Monday, June 29, 2015

Day Eight-Seventy-Nine: Forget it all

- and then he was back.

Perched atop one of his Nothings, one finger pointed dramatically at the sky, a battle cry half caught in his lungs, Kierkegaard spasmed. His entire body shook, as though someone had walked over his half-dug grave, and his attempt at rallying his troops stuck in his throat and died altogether. Given the shrieks of the Nothing’s flying harpoons below him, he doubted whether his troops could’ve heard him anyway.

But that was not the issue here. That was not the issue at all. Much more important was what had changed.

Logic told Kierkegaard that, in fact, nothing had changed. Nothing had changed at all. He was here, as he’d planned, battling the remnants of the Imperium’s army. They’d been slowly collapsing for months, now, and he’d arrived to finished them off. That was perfectly sound, right? That was the way of things. That was the fact of the matter.

Yet it wasn’t. Was it? Something wasn’t quite right.

Balancing himself, Kierkegaard peered down at the battlefield. The main lines of the Imperium had all but broken, leaving hundreds of disorganized humans, orcs, and snake persons to scramble for their lives as the uniformly black surge of the Non broke through. Kierkegaard’s warriors erupted over the siege weapons of the Imperium, demolishing everything in their path. Victory, though tiring and costly, was now inevitable, and then the slaughter of the Imperium’s population centres could begin.

Nevertheless, Kierkegaard frowned. He was happy that he was doing so well - damned well, in fact - but he suspected that he shouldn’t be doing this well. Something had changed, something had transformed, and it had done so with an abruptness that left him ill at ease. So ill, in fact, that his stomach seemed to churn, and the movement of the Nothing beneath his feet didn’t help matters.

Kierkegaard escaped into a portal. Floating in his pocket of codespace, he watched the battle unfold beneath him. He didn’t really need to participate anymore anyway. His guys were winning. Hell, they’d pretty much won.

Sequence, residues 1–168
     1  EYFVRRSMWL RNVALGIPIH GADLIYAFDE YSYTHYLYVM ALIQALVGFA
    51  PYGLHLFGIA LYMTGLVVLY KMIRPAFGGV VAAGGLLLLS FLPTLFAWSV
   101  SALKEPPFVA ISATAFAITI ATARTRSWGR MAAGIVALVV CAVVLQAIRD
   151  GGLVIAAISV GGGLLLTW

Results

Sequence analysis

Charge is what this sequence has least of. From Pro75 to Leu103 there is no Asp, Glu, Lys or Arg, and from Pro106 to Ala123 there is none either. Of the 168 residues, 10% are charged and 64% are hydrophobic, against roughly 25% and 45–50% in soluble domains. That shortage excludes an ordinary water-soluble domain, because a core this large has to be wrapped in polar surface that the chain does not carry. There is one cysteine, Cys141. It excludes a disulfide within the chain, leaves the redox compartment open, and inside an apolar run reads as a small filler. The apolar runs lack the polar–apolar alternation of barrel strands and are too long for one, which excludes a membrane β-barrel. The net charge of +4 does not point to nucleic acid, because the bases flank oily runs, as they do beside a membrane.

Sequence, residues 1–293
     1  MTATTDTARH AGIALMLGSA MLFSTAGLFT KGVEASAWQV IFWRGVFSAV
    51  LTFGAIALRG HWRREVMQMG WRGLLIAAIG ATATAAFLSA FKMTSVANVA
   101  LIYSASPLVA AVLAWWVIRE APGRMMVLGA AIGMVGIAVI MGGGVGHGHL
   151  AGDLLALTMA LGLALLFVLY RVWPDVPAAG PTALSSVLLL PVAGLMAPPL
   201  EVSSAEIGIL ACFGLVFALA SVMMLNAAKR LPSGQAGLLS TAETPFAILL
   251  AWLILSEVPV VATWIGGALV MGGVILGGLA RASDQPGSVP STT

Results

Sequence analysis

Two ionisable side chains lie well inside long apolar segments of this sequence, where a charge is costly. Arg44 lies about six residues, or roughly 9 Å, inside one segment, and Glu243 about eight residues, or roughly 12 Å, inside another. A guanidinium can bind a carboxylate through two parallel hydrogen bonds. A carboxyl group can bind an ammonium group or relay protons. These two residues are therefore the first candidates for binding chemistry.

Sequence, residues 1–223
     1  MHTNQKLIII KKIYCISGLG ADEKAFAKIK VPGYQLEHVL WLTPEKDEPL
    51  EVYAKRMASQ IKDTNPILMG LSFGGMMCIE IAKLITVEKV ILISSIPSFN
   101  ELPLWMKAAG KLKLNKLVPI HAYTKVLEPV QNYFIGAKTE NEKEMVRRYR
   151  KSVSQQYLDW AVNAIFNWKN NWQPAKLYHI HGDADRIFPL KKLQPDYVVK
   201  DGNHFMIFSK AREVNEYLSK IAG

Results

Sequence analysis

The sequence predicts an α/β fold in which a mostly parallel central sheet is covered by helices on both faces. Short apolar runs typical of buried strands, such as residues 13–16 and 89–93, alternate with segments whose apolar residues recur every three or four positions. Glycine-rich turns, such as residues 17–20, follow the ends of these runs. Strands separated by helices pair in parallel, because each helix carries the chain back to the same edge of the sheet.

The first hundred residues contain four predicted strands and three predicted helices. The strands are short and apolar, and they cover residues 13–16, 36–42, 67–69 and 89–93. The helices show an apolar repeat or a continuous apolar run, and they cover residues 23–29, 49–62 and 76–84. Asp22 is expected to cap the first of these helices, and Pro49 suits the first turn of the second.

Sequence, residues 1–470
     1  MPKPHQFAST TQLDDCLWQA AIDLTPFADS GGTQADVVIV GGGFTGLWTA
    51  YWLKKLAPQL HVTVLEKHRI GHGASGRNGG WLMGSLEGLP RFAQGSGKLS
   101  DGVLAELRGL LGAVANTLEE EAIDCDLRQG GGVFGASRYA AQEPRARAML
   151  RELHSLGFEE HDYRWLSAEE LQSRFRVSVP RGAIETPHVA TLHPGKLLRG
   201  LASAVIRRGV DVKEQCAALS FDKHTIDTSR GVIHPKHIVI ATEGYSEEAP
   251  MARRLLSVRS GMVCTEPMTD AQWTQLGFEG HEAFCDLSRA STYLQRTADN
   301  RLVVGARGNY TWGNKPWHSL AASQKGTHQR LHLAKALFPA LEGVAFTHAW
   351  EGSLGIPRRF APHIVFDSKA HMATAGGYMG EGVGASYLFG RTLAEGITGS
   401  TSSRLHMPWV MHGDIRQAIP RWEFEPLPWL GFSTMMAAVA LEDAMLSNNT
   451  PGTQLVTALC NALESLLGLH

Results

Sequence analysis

But they shouldn’t have won. No, at best this should have been a tie. So what had changed?

Kierkegaard moved his eyes from the ground to the air, scanning the skyline from a tiny hole. It suddenly occurred to him that there were significantly fewer dragons darting about. Hell, now that he thought about it, there were only three or four still in the air, and all of them were on the periphery of the battle. They’d moved there rather abruptly, too, as if shunted through one of Kierkegaard’s portals - though he had no reason to do so. He rather liked watching the crude beasts attempt to take on his Non. The smell of their flaming breath reminded Kierkegaard of burning cities.

But that wasn’t quite it, either. The dragons were simply an effect of his unease. What the hell was the cause?

It took Kierkegaard several minutes of quiet pondering - something he hadn’t done, he realized, in quite a while - for geography to jump to mind. Why was the bulk of the Imperium’s army out here? This stretch of land contained nothing of value. What were they protecting? What the hell was the point? Shouldn’t they be forming a protective barrier around, say, one of their cities? Just what the deuce were all these ridiculous creatures doing out in the middle of nowhere, fighting over a lump of barren nothing?!

Kierkegaard came close to an answer. Moving his vantage point from one portal to another, high above the battlefield, he caught the briefest glimpse of the remains of a massive circle, dug into the ground. It was the only earthly sign that a tower had once stood on this spot, dominating the wills of thousands of people. But then his advantage was stolen from him by the sudden, unlucky arrival of a huge wall of brown fur, and he was robbed of his revelation forevermore.

No one who’d stood outside the tower remembered a thing about the place. Every person present, though initially disoriented, concocted some reason for being there that made sense when not subjected to intense scrutiny. But those who’d gone inside remembered everything, and they knew just how lucky they were to have survived the end.

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